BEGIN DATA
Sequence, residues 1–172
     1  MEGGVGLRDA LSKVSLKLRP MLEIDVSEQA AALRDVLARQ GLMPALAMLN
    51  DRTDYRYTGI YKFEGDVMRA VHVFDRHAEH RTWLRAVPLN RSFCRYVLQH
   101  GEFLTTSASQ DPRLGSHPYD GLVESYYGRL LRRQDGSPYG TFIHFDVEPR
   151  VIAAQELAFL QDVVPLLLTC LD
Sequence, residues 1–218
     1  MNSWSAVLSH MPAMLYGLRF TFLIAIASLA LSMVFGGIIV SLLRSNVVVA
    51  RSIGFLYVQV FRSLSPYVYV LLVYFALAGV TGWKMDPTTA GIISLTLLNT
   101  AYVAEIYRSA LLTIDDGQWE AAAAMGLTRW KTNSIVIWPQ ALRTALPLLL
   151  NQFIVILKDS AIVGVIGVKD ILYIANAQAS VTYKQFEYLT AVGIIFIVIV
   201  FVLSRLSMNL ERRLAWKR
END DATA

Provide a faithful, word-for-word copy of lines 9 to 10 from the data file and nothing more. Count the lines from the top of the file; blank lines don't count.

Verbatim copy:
   101  AYVAEIYRSA LLTIDDGQWE AAAAMGLTRW KTNSIVIWPQ ALRTALPLLL
   151  NQFIVILKDS AIVGVIGVKD ILYIANAQAS VTYKQFEYLT AVGIIFIVIV